I'll leave aside the question of how in the world anyone could take seriously the notion that a seasoned photographer could come unprepared to an Olympic photoshoot. It doesn't really matter. As photographic and social artifacts I think these photos are superb. Besides the obvious inversion of Olympic heroism (these are real people not Greek gods) these photos have strong punctum. For example, the badminton player, the studium is the crown on his head, but the shadow is what upsets you: a silly, lightweight game throws a heavy shadow; the target shooter's dead killer eyes behind a nozzle in deep shadow; the gymnast with foreshortened legs resembling an Iraqi battlefield amputation; the embarrassment of riches that is the flag masked fencer: the faceless aggressor (drone planes?); the corporate Nike swish inverted by the curve of the sword equating mass production and violence; all of those damn flags; the allusion to Abu Ghraib; and the punctum of the poised fingers at the hilt - the grace of culture that supports all of it.

If nothing else, a set of Awkward Olympic Photos are a good corrective to the corporate enterprise formerly known as The Olympics.

I don't know what Joe Klamar's normal work looks like, so it's pretty tough to comment on whether his Olympic stuff is up to his usual snuff, but the idea that he was unprepared is indictment enough. I used to do lighting tech work with a photographer in a medium sized mid-western city, and he went to everything with eight cases of equipment, including material backgrounds; if that's happening in "dick-wad" Wisconsin, then if someone calls with an Olympic assignment...? In photography, there is no such thing as unprepared for professionals, so maybe he's just another one of those:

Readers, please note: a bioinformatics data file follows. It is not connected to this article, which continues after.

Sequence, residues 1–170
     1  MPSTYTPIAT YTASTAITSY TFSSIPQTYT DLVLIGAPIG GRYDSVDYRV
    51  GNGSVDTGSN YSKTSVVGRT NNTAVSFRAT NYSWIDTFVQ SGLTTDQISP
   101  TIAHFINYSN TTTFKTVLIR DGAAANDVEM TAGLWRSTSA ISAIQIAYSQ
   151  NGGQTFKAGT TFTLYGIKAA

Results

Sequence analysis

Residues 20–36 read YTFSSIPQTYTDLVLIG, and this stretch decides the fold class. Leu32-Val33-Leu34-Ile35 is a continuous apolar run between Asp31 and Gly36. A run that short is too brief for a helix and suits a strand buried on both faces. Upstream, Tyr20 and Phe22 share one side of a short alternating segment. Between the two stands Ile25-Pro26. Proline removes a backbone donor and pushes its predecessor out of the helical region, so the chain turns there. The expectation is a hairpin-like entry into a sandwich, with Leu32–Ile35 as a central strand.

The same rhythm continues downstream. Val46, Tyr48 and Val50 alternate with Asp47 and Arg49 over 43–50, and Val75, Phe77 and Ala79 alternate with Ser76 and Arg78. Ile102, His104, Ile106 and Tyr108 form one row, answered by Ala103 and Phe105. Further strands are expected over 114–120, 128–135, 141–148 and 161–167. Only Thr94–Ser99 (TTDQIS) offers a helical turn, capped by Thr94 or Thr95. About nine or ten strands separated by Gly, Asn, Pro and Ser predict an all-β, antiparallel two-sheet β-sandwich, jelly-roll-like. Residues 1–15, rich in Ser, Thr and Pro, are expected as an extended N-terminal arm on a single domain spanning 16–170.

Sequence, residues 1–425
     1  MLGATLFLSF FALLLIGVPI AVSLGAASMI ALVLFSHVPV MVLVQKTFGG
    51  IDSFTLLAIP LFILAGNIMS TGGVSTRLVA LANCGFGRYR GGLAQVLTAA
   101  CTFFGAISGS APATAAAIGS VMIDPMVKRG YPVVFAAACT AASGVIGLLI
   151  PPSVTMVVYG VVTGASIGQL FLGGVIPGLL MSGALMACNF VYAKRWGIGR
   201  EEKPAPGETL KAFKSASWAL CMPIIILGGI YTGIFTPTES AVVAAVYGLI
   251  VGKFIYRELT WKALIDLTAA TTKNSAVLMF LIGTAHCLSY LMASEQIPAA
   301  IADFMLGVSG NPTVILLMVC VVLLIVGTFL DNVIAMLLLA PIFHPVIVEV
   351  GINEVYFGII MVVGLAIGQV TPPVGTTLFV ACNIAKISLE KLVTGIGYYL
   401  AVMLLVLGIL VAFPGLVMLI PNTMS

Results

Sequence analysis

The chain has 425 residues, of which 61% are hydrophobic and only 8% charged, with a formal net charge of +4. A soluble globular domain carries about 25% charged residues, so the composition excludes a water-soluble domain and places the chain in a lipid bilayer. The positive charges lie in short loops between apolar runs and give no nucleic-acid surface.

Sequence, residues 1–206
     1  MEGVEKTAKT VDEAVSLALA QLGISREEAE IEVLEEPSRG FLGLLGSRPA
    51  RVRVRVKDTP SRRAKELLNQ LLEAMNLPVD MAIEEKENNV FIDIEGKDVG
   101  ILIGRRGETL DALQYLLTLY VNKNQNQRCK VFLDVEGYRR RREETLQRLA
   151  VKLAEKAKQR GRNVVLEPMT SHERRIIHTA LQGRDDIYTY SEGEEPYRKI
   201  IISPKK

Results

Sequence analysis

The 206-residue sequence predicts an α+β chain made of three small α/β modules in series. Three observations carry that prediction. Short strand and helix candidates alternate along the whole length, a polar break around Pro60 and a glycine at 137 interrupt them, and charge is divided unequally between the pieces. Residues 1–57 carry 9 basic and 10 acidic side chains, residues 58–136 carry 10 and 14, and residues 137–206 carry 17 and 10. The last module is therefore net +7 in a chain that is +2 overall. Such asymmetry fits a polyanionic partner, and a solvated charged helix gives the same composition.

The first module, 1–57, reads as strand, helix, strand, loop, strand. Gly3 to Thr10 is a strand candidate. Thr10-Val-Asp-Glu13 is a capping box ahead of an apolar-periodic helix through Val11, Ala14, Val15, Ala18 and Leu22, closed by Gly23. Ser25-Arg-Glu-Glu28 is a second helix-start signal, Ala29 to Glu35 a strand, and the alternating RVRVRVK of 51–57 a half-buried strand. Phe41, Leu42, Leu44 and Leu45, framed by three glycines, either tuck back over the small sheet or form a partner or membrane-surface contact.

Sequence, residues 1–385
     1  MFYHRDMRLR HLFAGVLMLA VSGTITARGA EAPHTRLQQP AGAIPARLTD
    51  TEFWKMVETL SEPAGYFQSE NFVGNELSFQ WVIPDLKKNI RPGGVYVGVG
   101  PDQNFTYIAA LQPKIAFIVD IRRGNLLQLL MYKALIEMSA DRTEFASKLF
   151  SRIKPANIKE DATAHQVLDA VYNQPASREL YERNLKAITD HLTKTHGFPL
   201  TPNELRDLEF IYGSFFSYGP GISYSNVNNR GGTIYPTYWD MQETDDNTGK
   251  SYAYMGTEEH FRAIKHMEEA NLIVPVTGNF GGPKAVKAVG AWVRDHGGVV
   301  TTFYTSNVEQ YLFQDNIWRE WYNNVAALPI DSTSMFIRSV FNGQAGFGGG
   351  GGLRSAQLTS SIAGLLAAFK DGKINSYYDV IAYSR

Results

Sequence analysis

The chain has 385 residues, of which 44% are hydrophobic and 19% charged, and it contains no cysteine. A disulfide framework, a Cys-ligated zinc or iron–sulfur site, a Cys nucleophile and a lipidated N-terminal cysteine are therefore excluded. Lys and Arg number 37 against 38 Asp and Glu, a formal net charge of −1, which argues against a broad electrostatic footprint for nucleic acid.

"got myself a digital cam, jammed the AD into giving me the assignment because we both go to the same club, hey, lookie me, I'm a photographer" kind of guys!

This has more to do with the amount of people calling themselves professionals in this business than anything else...real pros in many markets have early retired because every jamoke with a digital is shooting for money and dropping the day rate to nothing, but most of them to not know what it takes to actually BE a professional (including dragging a lot of equipment everywhere in your van, "just in case"). Cheap AD's need to be careful what they wish for, I'm sure a photo disaster like this happens every day in every city in the U.S.

The Olympic Committee was just lucky that an athlete didn't trip over one of Joe's lighting cables, only to discover he probably wasn't carrying any liability insurance either...

I read the nasty comments at the links and THEN looked at the photos.
I like the photos.
I'm an architect and I've learned there is no accounting for taste, including mine.

I believe Ctein spoke accurately about this in a past article when he emphasised the point that the work should be evaluated on its own merit......Background information can only detract from proper appreciation of the work itself. The work is no reason to worship or criticize the creator.

So the guy has a good day, or a bad day, the work is what it is. If you judge the work is good, enjoy it and gain the benefit it presents; if you judge the work to be bad, move on to something better. No need to worry about the creator, its not like he was trying to insult us.

Screw the intelligentsia.

One of the other blogs I read had posted the Olympic photos and I my comment then: change was needed between staid uninspiring
images and a new different approach to such important (to the USA) situations.

Now as to the iPhone, have a friend who uses his iPhone in many more situations as his alternate
still-life photographic device as opposed to his somewhat heftier full frame Canon DSLR.

A sign of the times and changes in technology?

"..And changing hats and speaking for Red Sox fans, the only better place to picture Yankees than in the toilet ..."

Sweet Caroline! ;-)

"How many photographers you know carry studio lights in the car?"

Quite a few do. I do. I don't have portable battery-powered flash heads but I do have mighty long extension cables.

In the meantime, my head is still spinning from the implications of the Nick Laham story.

Why, exactly, are Klamar's portraits bad? I kinda like them.

Lol, and you don't need to be a Red Sox fan to share the sentiment.

"Who is David Burnett?"

(Should be etched on every snappers LCD screen) (:-)